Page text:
A closer look at the data from the large clinical trials reveals another potential problem in how people will understand the protection that the vaccines offer. Both the Pfizer-BioNtech and the Moderna vaccines demonstrated impressive efficacy in preventing COVID-19, but that protection does not begin to become apparent in the data sets until around two weeks after the first dose. Even then, the full effect is not realized until weeks later. Data from the period between the first and second dose of the Pfizer vaccine shows that the incidence of COVID-19 is around 50 percent among those who received the vaccine compared to those who received the placebo. Only weeks later does that number approach 95 percent. So, in the first two weeks after vaccination, many people will still get COVID-19, though the figures fall with every passing day. And we still remain uncertain as to whether the vaccines prevent asymptomatic disease and contagion, though early hopeful signs that they do are starting to emerge.

Now that I have received both doses of the Pfizer vaccine, I have my own field report to file. Each time I went to get my shot, I was quizzed by the friendly provider as to whether I had any history of allergy to vaccines, medications, or foods. The singular focus of the brief inquisition was to identify whether or not I had any risks of an allergic reaction. There was no hint at an attempt to provide me with any education — and, no, I don’t think it’s because I happen to do a lot of work on COVID-19. If I had any questions about the vaccine, everything I needed to know, I was told, could be found in the glossy 12-page information packet I had just been handed. On page four I found a three-line item stating that, no, the vaccine can’t give me the coronavirus.

This is a huge missed opportunity. If we do not tell our patients about how the vaccine works and when the protective effects are expected to kick in, some people are going to feel betrayed when they get sick following vaccination. That’s preventable. Vaccinations are both a public-health and messaging opportunity. At the moment, we’re letting it slip away.

Another major concern I have about vaccine uptake is not around what the vaccine fails to do (i.e., provide immediate protection), but what it frequently does do, which is cause a pretty unpleasant constellation of side effects. The reason the South Dakota physician initially shrugged off the symptoms of what was ultimately diagnosed as COVID-19 was that she figured that the vaccine and not a coincident infection was the most likely culprit. (Mathematically speaking, she had the right idea.) But having myself experienced some fairly disruptive symptoms after each dose of the vaccine — arm soreness, followed by body aches, chills, a low-grade fever, and some pretty substantial fatigue, all of which I affectionately referred to as a mild to moderate case of “manaphylaxis” — I’ve become worried that some people may not go back for their second dose. Others may delay or even refuse vaccination after seeing it knock a few of their friends and families out for a couple of days.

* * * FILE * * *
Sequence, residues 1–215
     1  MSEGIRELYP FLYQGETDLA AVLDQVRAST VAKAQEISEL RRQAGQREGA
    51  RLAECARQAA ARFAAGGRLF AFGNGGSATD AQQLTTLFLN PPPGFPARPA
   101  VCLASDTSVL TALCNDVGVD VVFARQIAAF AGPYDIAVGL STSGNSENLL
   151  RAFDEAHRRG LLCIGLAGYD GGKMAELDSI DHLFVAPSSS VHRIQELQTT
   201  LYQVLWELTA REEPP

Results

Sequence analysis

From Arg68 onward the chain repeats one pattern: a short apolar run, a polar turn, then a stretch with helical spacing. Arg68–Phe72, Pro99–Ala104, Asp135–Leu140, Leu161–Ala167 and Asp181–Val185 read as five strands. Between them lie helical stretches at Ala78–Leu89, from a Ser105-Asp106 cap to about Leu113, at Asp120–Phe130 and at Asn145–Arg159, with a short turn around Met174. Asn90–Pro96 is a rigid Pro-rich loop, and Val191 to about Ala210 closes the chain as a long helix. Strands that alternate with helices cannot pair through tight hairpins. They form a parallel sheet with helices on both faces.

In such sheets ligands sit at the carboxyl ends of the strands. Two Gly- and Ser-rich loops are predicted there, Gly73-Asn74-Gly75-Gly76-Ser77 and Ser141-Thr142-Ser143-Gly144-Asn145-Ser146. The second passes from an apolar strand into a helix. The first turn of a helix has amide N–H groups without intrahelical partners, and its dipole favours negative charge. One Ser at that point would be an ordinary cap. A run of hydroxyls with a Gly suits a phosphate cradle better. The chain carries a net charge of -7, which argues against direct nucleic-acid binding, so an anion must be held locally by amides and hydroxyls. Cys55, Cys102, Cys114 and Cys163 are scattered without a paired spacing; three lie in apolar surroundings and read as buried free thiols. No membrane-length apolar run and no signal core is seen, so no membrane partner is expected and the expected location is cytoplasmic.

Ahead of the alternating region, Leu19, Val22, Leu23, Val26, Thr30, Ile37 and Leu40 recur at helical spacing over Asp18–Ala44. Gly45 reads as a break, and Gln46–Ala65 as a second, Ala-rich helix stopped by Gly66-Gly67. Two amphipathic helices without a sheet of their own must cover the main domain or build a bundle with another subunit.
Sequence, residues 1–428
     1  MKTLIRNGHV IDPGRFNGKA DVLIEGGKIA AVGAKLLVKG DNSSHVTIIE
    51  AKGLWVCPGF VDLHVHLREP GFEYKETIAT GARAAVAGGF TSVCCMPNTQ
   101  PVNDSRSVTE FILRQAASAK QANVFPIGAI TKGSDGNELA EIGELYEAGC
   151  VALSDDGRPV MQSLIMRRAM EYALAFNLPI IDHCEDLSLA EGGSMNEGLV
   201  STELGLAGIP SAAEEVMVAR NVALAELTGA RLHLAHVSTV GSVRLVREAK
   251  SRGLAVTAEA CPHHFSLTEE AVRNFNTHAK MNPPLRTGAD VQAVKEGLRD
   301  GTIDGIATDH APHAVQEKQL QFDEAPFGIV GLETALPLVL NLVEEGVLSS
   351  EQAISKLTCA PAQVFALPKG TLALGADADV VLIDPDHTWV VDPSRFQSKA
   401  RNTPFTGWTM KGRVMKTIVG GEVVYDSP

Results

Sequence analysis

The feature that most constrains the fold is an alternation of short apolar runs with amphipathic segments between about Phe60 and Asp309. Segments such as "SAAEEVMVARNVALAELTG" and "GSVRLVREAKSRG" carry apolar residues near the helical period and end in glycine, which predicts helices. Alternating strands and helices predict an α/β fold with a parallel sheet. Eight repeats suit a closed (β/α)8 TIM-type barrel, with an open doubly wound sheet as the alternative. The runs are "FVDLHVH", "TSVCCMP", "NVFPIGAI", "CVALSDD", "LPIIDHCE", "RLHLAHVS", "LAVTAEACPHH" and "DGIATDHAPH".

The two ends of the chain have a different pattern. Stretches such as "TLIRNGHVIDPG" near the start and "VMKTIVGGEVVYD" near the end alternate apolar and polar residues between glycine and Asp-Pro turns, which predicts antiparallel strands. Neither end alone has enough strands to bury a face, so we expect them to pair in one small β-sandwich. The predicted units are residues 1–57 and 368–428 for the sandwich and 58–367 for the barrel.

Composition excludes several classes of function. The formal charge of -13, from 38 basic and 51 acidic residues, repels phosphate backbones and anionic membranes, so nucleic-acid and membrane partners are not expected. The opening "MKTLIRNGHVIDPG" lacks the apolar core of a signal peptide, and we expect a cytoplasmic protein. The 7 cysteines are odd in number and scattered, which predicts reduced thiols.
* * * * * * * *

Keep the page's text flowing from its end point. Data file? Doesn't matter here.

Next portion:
We have to tell people to expect this and accept this. These symptoms, I told myself, were a sign that “the vaccine is working.” That knowledge helped me get through my symptoms in good spirits. I also now tell my friends, family, and patients not to worry if they happen not to have any of these symptoms; there’s no indication in any of the data sets to suggest that a lack of side effects implies an inadequate immune response to the vaccine.

Messaging about all of this needs to occur at the time of vaccination. A person whose sleeve is about to be rolled up is about as captive an audience as you’ll find. We need to pounce on that educational window of opportunity. More than that, there should be paid sick leave for people who experience the level of symptoms I felt. That alone would lower the bar for many essential workers who, unlike me, do not have the flexibility to rejigger their schedules around getting vaccinated.

The two most important things we need to emphasize are that the vaccine can’t give anyone the coronavirus and that protection is not immediate. But beyond that, we need to emphasize that for those of us who had symptoms substantial enough to disrupt our normal activities, contracting COVID-19 itself would likely have been far worse. Even in what are considered “mild cases” of COVID-19, fever and cough can last for days and weeks, causing missed work and prolonged suffering. In moderate and severe cases, the need for oxygen, intensive care, and intubation can cause disability for months, and maybe longer. As we all know, critical cases can be fatal. The upshot is that if you didn’t like some of the symptoms caused by the coronavirus vaccine, be very glad you never had to experience the virus itself.

What We’re Not Telling the Public When They Get the Vaccine